I think if Carducci had focused more on the long dynamic songs like Achilles, and the shorter songs like The Eyes of Age, this album would be a lot stronger. However, the weird middle ground of simple, yet long songs that take up the majority of the album aren't my favorite. Even with three songs that are only OK, Oddity ends up being a pretty good album, and I'm interested to see where the follow up will take Franck Carducci.

Report this review (#473947)
Posted Saturday, July 2, 2011 | Review Permalink
Marty McFly
Honorary Collaborator
3 stars Great example of what I call Variable Prog, style that roots so deeply in recent years. It means that such music would be very eclectic, quite poppy accessible with melodic hooks and connections, while still remaining Prog. Other examples from last year includes Seven Side Diamond or Haken's Aquarius.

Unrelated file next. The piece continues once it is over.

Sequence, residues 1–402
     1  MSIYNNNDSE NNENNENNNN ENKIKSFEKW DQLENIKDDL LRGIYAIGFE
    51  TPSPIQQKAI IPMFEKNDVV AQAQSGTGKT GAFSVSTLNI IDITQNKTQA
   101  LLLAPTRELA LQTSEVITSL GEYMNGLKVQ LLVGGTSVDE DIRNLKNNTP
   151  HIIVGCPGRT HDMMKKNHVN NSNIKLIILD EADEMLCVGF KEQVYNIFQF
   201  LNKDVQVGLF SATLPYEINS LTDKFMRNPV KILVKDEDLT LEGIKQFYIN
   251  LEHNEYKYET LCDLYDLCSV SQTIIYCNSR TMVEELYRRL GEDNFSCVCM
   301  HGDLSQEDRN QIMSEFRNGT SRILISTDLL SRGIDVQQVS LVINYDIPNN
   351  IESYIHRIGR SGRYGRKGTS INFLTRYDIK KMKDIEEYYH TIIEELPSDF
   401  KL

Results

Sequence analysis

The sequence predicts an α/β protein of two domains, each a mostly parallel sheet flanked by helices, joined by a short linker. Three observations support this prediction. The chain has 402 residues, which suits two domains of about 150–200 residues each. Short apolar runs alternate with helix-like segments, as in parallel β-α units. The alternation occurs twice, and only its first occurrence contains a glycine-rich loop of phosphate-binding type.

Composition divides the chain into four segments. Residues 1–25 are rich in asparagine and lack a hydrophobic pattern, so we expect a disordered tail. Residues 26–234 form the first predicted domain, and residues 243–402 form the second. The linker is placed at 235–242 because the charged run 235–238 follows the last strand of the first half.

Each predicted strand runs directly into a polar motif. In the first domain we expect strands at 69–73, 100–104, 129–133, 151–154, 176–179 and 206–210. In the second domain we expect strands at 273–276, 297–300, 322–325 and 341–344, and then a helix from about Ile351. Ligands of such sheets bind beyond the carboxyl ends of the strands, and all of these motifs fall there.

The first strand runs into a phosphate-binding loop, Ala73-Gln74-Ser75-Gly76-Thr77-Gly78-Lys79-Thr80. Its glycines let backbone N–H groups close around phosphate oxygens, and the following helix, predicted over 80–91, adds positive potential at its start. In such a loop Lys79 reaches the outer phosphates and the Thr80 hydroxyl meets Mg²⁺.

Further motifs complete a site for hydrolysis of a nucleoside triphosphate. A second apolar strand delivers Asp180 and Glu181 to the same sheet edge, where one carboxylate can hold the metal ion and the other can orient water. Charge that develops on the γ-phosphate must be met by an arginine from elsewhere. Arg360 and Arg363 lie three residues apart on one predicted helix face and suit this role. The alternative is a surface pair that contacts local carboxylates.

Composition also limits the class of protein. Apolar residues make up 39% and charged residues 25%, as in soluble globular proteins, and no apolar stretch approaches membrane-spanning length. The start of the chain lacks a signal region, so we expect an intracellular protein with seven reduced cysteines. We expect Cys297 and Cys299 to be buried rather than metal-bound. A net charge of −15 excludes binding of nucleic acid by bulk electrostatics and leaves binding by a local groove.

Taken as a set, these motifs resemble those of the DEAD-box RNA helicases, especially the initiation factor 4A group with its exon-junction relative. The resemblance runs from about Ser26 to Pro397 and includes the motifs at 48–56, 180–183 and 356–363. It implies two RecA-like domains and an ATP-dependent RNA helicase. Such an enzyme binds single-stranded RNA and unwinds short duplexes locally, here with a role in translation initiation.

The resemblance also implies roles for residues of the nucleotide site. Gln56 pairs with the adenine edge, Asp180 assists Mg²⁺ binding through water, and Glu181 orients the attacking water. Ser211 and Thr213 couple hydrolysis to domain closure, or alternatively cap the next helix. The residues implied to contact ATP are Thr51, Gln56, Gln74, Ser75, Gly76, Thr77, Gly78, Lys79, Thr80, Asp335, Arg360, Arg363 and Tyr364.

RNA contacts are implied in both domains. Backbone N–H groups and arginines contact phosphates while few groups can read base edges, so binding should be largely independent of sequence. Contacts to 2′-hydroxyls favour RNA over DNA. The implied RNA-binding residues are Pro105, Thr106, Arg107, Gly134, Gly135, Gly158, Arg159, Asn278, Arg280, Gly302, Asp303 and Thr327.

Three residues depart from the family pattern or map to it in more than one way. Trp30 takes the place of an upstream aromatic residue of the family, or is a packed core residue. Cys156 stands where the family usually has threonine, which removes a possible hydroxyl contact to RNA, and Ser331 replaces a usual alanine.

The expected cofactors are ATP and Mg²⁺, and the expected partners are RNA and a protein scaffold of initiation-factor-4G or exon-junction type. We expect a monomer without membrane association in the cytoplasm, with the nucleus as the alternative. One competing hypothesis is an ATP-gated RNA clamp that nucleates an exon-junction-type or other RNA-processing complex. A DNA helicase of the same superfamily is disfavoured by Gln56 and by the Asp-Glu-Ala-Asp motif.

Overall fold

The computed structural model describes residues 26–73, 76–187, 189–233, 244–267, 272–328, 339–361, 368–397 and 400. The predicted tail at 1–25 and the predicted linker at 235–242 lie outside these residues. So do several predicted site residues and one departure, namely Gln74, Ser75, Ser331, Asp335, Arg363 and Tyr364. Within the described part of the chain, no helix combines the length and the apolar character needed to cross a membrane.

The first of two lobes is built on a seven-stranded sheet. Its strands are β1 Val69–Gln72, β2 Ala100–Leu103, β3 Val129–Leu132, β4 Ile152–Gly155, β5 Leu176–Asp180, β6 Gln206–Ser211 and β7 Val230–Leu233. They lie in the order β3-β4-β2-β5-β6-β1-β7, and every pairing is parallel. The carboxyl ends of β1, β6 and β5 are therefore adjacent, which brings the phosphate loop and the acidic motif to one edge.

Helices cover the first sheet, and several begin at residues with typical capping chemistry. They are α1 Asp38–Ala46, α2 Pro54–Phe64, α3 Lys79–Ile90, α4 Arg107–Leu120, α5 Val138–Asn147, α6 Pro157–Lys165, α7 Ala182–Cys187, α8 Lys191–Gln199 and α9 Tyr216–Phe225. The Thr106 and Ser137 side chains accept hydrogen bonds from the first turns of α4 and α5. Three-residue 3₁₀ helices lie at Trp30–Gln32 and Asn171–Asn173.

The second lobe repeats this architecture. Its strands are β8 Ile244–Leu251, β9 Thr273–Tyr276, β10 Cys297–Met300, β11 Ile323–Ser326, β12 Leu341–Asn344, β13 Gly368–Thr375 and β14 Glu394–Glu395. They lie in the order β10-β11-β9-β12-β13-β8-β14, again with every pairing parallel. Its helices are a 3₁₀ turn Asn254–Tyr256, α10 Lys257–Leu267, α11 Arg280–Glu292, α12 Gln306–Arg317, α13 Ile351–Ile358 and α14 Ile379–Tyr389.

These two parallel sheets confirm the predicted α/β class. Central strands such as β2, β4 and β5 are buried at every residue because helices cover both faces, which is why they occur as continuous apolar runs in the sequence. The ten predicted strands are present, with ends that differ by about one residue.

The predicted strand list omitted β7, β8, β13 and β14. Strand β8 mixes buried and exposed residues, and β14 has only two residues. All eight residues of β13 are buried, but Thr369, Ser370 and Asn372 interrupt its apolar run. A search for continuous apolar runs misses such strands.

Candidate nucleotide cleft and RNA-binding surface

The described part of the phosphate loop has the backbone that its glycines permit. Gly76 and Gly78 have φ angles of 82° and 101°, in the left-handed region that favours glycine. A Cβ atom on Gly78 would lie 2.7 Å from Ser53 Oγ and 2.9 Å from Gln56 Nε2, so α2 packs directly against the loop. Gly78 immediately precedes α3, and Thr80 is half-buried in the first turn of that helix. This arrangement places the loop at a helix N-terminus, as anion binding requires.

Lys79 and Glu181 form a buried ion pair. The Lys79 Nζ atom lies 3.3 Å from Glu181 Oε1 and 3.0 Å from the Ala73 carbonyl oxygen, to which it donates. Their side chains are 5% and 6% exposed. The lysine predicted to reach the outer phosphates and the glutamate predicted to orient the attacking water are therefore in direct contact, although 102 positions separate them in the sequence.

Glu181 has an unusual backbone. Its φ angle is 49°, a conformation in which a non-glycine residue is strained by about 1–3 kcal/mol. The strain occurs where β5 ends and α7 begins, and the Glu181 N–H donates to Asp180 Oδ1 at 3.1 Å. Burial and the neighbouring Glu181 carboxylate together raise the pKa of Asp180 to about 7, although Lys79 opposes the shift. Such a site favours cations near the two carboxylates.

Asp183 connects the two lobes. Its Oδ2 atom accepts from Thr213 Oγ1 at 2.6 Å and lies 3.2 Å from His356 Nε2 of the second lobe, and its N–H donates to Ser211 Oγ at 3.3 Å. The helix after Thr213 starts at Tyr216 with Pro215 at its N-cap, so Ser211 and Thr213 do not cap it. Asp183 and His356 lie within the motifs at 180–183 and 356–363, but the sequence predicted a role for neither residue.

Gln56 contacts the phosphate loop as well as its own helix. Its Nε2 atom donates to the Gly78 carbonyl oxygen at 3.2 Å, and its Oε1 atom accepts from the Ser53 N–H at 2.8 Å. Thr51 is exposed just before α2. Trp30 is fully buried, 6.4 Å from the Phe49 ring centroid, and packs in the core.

Take for example first song [b]Achilles[/b]. Start with strong piano/guitar/percussion introduction (kicks right in the action type) and when bass joins in, Haken feeling is very eminent. Then all breaks up and quiets down, time for second in total, but first vocal intro that starts to tell a story. I like Ancient Greek myths (I like THAT VA compilation, you know which one) and the tale about mighty warrior speaks to me. Let's get back to the music - music, suddenly quiet is once again strengthening and meaning of these words gets intertwined with feeling I get from music. That's good. At nearly 5 minutes, clear keyboards joins and yet another chapter begins. Also, necessary melody eruption around 9:20. Not sure how to call it, nobody ever told me technical term. Don't worry, you will know when you hear it.